Are Green Features Being Valued Enough in List Prices?

February 20, 2019

Some green homes may be misvalued, a costly mistake to homeowners who may be leaving thousands of dollars behind, panelists said at a session on Tuesday at the 2019 Builder Show in Las Vegas. To make sure energy-efficient features are counted, collaboration among appraisers, lenders, builders, and real estate professionals is key, panelists said.

Real estate professionals on the panel urged home builders in the audience to involve them in the initial planning of their green properties to make sure energy-efficient features are well-documented and marketed and properly valued from the start.

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Sandy Adomatis, an appraiser with Adomatis Appraisal Service in Punta Gorda, Fla., says studies from across the country have shown properties with green features sell for a premium of 2 to 5 percent more than comparable properties. Home buyers value such features as lower energy costs and improved air quality and show a willingness to pay more for them.

For homes with energy-efficient windows, insulation, rooftop solar panels, or other features, property owners may find getting a certification to document sustainability features to their advantage later on in selling. Homeowners can get the properties evaluated with a Home Energy Rating System rating, LEED certification, or the EPA’s WaterSense or Indoor airPLUS labels.

A HERS rating, for example, will define the home’s energy efficiency. “A HERS rating gives the appraiser numbers so they can quantify the energy savings and that can help them properly value the home,” Adomatis said. It may be time-consuming and costly up front in getting property’s rated or certified, “but do you want to spend $300 to $400 more or potentially lose $5,000 to $10,000 at the closing table because the appraiser couldn’t value the energy efficiency of the home?” Adomatis said.

Beyond the label, however, the documentation of sustainability features is key to get in the hands of lenders and appraisers. Real estate professionals can fill out the Appraisal Institute’s Residential Green and Energy Efficient Addendum, which is a form to document the home’s high-performance and sustainability factors. Also, they can market the features on the MLS. The National Association of REALTORS®’ Green REsource Council provides a Green MLS Tool Kit that assists with the inclusion of green data entry fields on multiple listing services.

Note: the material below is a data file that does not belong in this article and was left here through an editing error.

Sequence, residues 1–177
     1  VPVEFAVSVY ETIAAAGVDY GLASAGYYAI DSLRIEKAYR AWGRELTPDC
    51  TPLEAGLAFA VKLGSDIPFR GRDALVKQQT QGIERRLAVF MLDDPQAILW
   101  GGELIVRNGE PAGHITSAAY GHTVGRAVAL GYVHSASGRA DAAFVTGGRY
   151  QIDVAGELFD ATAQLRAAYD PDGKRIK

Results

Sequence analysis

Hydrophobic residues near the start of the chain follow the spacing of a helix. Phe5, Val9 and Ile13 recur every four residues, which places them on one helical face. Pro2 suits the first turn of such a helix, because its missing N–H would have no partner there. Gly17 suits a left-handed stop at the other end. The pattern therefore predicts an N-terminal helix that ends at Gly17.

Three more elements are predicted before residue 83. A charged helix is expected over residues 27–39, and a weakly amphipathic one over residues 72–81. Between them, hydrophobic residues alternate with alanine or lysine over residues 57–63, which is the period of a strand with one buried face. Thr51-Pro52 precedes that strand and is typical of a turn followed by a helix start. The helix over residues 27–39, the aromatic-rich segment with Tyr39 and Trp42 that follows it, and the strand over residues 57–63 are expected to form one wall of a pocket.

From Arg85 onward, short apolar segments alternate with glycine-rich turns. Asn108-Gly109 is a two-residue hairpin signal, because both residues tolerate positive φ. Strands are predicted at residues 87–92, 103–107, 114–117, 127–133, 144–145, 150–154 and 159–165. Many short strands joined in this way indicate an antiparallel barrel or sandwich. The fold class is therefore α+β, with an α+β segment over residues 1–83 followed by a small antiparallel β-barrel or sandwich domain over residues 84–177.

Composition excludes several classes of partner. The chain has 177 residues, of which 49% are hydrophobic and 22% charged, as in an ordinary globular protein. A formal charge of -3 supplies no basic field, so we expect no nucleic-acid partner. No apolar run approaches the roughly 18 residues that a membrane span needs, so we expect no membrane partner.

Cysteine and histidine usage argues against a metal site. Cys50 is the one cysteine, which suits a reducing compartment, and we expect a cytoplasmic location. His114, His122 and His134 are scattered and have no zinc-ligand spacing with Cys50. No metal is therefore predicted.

The panelists at Tuesday’s session said real estate professionals should provide supporting information—such as the addendum and MLS marketing information—to the lender when an appraisal is to be done. The additional information can help justify to the lender that you need an appraiser trained in green features to value the property.

A key element to appraising high-performance buildings is ensuring that appraisers are provided with the relevant information detailing the energy-efficient features, Adomatis said.

“The average appraiser would not know how to value the green home features,” said Craig Foley, GREEN, a real estate professional with Laer Realty Partners and Sustainable Real Estate Consulting Services in Melrose, Mass. “It is critical to get a qualified appraiser to make sure the value is reflected in the home.” You can find appraisers who have gone through extra training to earn a Valuation of Sustainable Buildings certification at Search the directory when your lender has assigned you an appraiser to make sure you received a qualified appraiser trained in factoring in green attributes, Foley said.

Case in point, James Mitchell, GREEN, a real estate professional and founder of RenewaBlue, a solar and efficiency consulting firm, teamed with home builders in the planning stages of L’Avenir in Fort Collins, Colo. He helped the builders buy the land for the project and worked with architects, builders, and energy raters to make sure the properties’ green attributes would be factored in. He used the Green and Energy Efficient addendum, which was provided to the lender for the construction loan and justified the need for an appraiser trained in valuing green features. He credits the extra information with helping to get the properties appraised for 5 percent more in value than comparable properties that did not have the green features.

“REALTORS® need to be working with builders from the construction loan process so that lenders understand the value,” Adomatis said. “We need to train more real estate professionals, appraisers, and lenders to understand the value too.”

NAR offers the GREEN designation, which provides education on what makes a home green and also guidance on how to best market such properties to home buyers.

“It’s important to tell the full story of a property and communicate the benefits,” Amanda Stinton, NAR’s director of leadership and sustainability, told the audience.“If it’s not communicated to the public, the value is lost.”